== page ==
A mnemonic device is simply a memory aid to help you remember something. You probably use them every day, perhaps without realizing it.
Mnemonic devices are extremely powerful ways to remember information, much more powerful than basic rote memorization. You should definitely add the extra step of creating a mnemonic when you really need to remember something.
For example, you may have learned the alphabet song to help you learn your ABCs when you were very young.
Or you may use an acronym, such as FANBOYS to remember the most common English coordinating conjunctions (for, and, nor, but, or, yet, so).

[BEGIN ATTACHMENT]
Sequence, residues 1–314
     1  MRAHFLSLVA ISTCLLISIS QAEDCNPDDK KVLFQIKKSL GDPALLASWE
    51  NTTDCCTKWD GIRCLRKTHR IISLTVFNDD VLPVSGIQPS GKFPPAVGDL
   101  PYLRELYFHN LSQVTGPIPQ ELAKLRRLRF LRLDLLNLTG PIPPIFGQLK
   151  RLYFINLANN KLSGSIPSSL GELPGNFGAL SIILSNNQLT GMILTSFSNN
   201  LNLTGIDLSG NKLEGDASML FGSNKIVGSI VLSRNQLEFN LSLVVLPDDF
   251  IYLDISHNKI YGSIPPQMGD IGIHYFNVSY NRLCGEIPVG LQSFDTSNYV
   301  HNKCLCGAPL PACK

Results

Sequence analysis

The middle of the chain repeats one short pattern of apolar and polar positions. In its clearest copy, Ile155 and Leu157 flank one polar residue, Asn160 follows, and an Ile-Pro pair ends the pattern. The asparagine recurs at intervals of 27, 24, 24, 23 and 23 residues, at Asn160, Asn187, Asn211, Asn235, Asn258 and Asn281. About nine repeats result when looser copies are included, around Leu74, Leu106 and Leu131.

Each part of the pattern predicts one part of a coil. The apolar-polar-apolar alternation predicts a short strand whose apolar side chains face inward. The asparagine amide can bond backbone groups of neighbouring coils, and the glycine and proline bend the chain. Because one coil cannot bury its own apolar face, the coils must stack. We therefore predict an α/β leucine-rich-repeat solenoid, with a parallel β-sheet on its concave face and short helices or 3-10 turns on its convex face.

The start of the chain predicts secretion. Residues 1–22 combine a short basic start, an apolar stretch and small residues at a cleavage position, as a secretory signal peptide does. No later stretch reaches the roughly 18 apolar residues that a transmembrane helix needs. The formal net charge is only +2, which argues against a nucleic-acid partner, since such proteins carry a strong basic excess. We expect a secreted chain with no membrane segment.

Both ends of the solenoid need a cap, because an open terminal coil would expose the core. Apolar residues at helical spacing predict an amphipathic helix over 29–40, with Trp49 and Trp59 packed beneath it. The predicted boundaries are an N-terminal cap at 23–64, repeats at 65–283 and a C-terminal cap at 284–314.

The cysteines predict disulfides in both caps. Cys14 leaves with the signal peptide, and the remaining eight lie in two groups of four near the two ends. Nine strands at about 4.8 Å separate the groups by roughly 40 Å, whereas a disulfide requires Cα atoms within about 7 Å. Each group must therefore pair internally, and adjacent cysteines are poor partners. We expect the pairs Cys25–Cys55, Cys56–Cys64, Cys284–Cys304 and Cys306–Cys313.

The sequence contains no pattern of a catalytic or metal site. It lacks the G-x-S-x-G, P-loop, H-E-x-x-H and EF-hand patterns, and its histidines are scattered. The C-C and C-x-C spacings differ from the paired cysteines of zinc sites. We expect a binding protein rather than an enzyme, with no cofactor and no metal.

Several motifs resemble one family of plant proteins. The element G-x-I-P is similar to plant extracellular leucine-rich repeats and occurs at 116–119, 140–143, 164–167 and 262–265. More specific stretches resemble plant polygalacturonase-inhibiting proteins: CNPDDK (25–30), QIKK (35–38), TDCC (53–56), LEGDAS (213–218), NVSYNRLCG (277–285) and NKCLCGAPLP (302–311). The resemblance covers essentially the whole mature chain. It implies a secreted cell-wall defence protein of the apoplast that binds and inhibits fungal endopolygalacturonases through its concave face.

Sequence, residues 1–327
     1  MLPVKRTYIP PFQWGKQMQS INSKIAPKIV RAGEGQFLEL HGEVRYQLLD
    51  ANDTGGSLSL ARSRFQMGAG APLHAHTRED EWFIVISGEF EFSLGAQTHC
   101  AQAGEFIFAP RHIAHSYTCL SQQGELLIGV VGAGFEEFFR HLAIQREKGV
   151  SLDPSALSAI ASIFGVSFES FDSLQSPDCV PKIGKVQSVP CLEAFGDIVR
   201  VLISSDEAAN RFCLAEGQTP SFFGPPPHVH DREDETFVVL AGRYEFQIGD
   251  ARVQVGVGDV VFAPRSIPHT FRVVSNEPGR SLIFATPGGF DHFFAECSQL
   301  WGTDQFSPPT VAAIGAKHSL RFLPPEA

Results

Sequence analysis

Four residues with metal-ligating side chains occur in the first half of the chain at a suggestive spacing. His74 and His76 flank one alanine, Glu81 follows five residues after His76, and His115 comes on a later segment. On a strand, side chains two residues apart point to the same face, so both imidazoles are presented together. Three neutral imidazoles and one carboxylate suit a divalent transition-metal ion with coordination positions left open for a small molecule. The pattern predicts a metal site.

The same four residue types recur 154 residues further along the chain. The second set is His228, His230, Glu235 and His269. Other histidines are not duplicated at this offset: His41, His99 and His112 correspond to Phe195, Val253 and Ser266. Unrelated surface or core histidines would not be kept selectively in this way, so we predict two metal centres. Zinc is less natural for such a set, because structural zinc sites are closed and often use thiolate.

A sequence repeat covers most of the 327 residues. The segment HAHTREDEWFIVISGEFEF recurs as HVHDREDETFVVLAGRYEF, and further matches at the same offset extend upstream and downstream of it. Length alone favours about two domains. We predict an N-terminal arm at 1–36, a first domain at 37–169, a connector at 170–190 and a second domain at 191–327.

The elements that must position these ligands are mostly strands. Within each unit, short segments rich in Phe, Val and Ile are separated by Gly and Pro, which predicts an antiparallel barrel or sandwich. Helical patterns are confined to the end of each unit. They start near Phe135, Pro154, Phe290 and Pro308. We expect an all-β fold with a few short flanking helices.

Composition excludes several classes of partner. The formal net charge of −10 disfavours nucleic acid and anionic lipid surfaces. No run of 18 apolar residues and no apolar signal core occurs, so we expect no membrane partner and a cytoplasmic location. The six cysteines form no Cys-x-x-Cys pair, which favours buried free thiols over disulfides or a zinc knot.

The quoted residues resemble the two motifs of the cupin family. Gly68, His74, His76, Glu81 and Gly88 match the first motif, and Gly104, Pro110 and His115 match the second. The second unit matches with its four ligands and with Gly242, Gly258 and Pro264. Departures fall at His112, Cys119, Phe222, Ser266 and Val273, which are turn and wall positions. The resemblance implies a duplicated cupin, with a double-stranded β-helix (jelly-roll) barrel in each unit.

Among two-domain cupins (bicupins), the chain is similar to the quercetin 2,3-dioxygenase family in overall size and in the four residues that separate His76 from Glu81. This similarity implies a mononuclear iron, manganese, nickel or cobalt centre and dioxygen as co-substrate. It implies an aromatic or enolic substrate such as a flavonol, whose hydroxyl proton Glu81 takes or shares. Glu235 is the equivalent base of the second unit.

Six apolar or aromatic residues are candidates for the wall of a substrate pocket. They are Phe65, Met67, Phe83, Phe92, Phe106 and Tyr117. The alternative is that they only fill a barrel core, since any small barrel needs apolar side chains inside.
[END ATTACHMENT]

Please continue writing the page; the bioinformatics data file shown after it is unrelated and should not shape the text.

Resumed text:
Even breaking up a number, such as a phone number, into parts (called chunking) is considered a mnemonic device. (555) 867-5309 is easier that 5558675309, isn't it?
Here are some other mnemonic devices; some are well-known, while others are ones that I myself use:
- To remember the planets: My Very Educated Mother Just Served Us Nachos (Mercury, Venus, Earth, Mars, Jupiter, Saturn, Uranus, and Neptune; apologies to Pluto!)
- The difference between principal and principle: The principal is my pal.
- amiable means friendly, so you can say My friend Amy is amiable. Or you can remember that ami means friend in French or amigo is friend in Portuguese and Spanish.
This is just a start! You can make up your own, too.
Relevant: You do not always need to create a mnemonic to remember something; in fact, most of what we know, we learned just by repetition. For example, you probably know your friends' names without having created a mnemonic for them.